Perceptions Of Wellbeing: Looking To The Future
Tuesday 09th Apr 2019
Imagine this …. you walk into work and see a member of your team sat at their desk, eyes closed and breathing slowly. Your initial thoughts? Most likely you’re thinking this person is slacking off, skiving, sleeping on the job etc and has nothing to do with wellbeing.
But what if this was coping strategy for managing stress or anxiety? Would it then become acceptable?
Speaking to Managers on a daily basis about mental health and wellbeing, it is apparent that many of us do something weekly to benefit our physical fitness and make daily choices to consume healthier food and drink choices. What’s also apparent is that most people don’t do anything consciously to benefit their mental health. I feel this is part of the problem. Take Mindfulness for example, 90% of those on my courses have never heard of it, 5% do it because they are interested in Wellbeing and the remaining 5% do it because they have been off work with stress and were recommended it by a counsellor or therapist.
This is the classic reactive approach to health and well-being. We wait for things to get so bad that we need professional help and then discover a coping strategy. Why are we waiting??? Instead of waiting to see if you’ll end up being one of the 1 in 4 that develop a mental health issue, why do we just start practicing mindfulness, self awareness, building personal resilience NOW! The fact is, we can’t avoid stress, none of us are bullet proof and it’s highly likely you’ll encounter tough times. Start acting now and give yourself a fighting chance of getting out unscathed.
Here are my top tips for improving your personal mental wellbeing:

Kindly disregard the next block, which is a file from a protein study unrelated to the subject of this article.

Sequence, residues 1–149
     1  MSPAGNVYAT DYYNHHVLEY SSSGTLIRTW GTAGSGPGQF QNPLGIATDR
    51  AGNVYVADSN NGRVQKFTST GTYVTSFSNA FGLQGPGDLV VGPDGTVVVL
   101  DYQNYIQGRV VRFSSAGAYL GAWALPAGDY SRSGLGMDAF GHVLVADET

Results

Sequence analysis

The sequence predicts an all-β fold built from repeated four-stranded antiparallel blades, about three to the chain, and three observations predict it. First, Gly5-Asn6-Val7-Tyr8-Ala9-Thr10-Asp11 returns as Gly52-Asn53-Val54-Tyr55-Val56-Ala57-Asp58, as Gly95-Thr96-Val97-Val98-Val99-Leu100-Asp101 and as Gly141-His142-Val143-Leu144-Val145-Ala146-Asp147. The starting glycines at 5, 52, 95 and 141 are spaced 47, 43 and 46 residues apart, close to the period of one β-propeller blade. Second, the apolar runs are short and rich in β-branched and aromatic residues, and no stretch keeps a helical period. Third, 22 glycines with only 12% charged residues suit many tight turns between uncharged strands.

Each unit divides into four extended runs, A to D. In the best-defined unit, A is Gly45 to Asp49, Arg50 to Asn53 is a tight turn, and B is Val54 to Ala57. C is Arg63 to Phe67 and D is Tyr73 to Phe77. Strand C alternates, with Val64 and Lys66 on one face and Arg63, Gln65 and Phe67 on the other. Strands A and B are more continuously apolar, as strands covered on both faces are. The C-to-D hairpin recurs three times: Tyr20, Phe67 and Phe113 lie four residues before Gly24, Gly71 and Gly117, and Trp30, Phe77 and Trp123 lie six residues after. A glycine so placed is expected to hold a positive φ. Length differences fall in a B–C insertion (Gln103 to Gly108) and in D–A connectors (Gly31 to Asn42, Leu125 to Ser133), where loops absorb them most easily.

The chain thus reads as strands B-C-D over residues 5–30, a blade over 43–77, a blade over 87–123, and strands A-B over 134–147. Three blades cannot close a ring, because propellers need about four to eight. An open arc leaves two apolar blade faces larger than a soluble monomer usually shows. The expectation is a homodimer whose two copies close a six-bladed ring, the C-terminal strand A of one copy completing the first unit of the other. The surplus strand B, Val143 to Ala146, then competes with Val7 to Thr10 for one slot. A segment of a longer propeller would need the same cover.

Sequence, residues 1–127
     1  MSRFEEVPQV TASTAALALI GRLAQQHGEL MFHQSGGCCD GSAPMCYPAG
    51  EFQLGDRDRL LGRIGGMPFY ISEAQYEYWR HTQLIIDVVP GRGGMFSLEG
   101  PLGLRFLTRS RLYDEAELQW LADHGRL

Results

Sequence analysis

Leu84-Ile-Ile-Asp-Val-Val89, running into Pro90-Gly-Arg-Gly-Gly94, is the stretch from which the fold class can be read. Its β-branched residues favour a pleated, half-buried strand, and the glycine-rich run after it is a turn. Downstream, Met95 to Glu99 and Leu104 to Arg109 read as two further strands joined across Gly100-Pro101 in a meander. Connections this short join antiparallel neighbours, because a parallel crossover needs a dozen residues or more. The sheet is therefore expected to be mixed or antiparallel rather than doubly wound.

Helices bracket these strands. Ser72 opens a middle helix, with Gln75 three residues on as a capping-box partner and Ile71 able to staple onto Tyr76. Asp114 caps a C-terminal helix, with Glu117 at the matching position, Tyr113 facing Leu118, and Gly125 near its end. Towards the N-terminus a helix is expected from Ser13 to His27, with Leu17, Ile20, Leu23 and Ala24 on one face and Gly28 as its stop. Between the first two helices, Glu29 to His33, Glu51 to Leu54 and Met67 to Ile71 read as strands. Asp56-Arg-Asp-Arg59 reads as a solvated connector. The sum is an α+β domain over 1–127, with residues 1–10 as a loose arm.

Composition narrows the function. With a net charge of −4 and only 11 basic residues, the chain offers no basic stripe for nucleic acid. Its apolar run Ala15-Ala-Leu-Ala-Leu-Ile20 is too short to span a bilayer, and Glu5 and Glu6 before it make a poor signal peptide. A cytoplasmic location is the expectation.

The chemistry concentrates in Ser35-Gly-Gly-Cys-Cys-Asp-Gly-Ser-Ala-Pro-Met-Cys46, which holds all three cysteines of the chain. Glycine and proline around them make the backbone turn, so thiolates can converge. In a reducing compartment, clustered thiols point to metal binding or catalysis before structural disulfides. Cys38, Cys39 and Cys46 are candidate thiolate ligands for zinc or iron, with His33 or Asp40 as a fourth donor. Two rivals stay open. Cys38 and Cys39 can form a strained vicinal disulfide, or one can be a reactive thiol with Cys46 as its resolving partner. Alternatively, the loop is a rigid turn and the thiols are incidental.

Be genuine to yourself about your emotional state
Many of those suffering with poor mental health can’t see it for themselves, they feel unhappy but may not be aware why. Self talk and being honest to yourself about how you feel is an essential component to good psychological wellbeing.
Identify what gets you stressed
We all experience stress at some point in lives and we can’t always avoid it. Compose a list of the things that frequently get you stressed. i.e. workload, the school run or poor punctuality.
Review how you cope with stress – is it helpful or toxic?
Now you have established your stressors, think about how you react to these. Is it always positive and rational? Or, does your emotional Chimp take over?
Establish a series of positive coping strategies
Research some positive coping strategies and find something that works for you. This could be controlled breathing, mindfulness, walking the dog or slowing down your impulsive reactions.
Find a mood changer – something that can turn a bad day on its head
Do you have something that can turn a bad day onto a good day? A song, a memory a video or maybe a call to a friend who always leaves you in a better frame of mind.
When it comes to wellbeing – especially organisation wellbeing – we need to put the oxygen masks on ourselves first.
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